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Retired Lockport captain claims harassment by chief led to leaving

Capt. Jeffrey Brodsky, who retired from the Police Department in December, now says Chief Lawrence M. Eggert had harassed him into making the move.

Brodsky has served notice on the city that he intends to file a civil rights lawsuit, claiming he was suffered discrimination because he was disabled and Jewish.

Eggert challenged Brodsky and Jon L. Wilson, Brodsky's attorney, to sign a waiver so he can respond to the charges in public without having to worry about being sued for violating personnel privacy regulations.

"I can, on behalf of the city and myself, deny these allegations. If he and his lawyer want to duke it out in the paper, they can give me a signed waiver," Eggert said Friday.

Wilson said Brodsky, who joined the Police Department in 1980, wanted to work at least two more years, but retired Dec. 3 because of the mistreatment.

Eggert said Brodsky's retirement was a surprise. He said he did not consider it when preparing his budget request for this year.

Brodsky, who declined to be interviewed Friday, said in a filing with the U.S. Equal Employment Opportunity Commission that he was "forced into retirement."

Brodsky's disability involves his right ankle, which was fractured Nov. 1, 2008, while he was quelling a domestic dispute between a woman and her teenage daughter on Bright Street. The intoxicated woman, who later pleaded guilty to second-degree assault and served 90 days in jail, fought with him.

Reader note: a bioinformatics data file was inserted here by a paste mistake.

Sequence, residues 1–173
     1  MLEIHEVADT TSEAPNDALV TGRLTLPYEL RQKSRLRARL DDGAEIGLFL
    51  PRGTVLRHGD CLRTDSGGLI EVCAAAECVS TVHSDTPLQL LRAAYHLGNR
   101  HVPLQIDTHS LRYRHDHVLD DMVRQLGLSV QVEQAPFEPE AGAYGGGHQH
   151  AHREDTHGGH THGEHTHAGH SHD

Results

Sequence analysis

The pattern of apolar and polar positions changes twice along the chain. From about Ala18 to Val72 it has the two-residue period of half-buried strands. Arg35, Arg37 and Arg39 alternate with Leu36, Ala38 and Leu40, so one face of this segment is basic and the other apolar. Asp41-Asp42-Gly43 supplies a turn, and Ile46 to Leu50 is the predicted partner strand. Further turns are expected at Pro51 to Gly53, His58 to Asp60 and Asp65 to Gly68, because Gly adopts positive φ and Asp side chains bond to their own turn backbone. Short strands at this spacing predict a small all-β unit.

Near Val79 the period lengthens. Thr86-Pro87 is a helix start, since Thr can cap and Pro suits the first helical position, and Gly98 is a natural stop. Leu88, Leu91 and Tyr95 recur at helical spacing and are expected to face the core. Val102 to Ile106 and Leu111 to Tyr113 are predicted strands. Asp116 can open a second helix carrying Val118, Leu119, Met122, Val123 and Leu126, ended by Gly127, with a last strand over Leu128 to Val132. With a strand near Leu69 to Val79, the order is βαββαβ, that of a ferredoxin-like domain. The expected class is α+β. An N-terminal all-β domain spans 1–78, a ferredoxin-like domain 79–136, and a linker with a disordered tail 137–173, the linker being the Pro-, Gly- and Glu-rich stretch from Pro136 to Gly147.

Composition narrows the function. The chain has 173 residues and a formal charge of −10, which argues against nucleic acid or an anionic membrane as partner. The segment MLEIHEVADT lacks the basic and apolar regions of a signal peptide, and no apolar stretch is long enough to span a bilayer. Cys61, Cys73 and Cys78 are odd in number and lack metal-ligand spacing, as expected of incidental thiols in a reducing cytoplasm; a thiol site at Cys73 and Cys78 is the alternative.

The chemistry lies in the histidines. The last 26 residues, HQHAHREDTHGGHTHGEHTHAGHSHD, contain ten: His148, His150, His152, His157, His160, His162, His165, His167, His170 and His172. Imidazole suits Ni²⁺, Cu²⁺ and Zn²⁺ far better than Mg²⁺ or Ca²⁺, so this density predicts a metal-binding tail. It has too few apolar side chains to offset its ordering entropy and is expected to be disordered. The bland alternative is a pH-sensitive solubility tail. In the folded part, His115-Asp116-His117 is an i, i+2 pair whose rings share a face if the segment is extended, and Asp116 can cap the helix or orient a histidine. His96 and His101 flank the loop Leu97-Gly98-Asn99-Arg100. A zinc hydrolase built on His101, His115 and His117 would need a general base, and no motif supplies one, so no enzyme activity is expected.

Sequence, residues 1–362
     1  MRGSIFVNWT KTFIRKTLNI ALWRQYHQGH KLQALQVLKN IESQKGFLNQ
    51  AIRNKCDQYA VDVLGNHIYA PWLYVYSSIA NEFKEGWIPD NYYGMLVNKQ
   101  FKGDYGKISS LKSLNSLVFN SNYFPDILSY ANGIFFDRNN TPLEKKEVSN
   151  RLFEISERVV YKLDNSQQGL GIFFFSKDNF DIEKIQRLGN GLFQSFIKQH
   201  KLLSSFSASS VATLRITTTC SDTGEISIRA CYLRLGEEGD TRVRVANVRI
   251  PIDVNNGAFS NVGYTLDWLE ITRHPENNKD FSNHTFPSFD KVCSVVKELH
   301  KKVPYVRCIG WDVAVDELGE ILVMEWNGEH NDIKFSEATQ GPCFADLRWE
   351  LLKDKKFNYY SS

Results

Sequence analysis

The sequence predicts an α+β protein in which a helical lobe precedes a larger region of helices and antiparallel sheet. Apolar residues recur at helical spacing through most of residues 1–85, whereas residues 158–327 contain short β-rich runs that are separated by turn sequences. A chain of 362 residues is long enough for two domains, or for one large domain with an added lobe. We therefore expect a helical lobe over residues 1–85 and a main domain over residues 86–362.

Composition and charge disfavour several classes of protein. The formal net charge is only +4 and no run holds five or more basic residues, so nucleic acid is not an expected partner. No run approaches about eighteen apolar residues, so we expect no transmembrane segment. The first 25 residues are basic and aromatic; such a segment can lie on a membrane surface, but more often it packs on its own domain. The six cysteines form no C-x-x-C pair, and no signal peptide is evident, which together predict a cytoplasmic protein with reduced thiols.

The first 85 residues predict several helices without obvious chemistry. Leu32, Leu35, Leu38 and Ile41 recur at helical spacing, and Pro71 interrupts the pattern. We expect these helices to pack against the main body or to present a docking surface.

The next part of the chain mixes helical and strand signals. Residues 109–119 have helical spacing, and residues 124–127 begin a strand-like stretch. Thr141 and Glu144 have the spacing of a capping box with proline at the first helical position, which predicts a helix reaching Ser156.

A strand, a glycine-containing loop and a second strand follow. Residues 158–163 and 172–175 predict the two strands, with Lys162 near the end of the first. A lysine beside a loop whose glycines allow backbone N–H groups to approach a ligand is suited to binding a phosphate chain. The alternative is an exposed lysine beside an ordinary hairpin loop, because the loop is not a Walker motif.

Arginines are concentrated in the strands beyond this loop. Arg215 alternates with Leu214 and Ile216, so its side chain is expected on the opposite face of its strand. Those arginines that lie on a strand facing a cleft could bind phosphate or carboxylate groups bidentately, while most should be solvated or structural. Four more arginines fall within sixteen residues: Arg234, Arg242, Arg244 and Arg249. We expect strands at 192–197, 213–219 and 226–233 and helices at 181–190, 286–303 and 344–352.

Wilson said Brodsky underwent surgery and had a metal plate and screws implanted in his ankle. He was on light duty for a time before returning to full duty.

"He had a long and exemplary career with the Lockport Police Department, attaining the rank of captain. That certainly wouldn't have happened if his performance was substandard," Wilson said. "Of late, he's been a target of petty and baseless disciplinary proceedings."

Brodsky's notice of claim asserts he was threatened with discipline or demotion over "minor clerical errors." Wilson said he was referring to allegations of problems with preparing officers' schedules on his patrol shift.

"There were incidents where routine ministerial tasks became an issue," Corporation Counsel John J. Ottaviano said. He said he recalled one conversation with Wilson about Brodsky and also remembered talk about bringing Brodsky before the Police Board for a disciplinary hearing. But that never was done.

"Apparently there were some complaints that he was only able to perform light duty," Wilson said. "Remarks were made about the money -- it's all about the money, that he was focusing on the money."

Wilson said Brodsky inferred that such comments about money were made because the captain is Jewish.

Eggert said he never made those comments, nor did he hear anyone else make them.

"They can say whatever they want, but I am restricted by privacy laws," the police chief said. "I can categorically deny that. I don't have a bigoted bone in my body, and I'm offended they would make that allegation against me and the Police Department."

Wilson said he expects a lawsuit would be filed in U.S. District Court, but that step cannot be taken until the EEOC completes its probe. He said that agency often tries to arrange mediation sessions, but those are voluntary.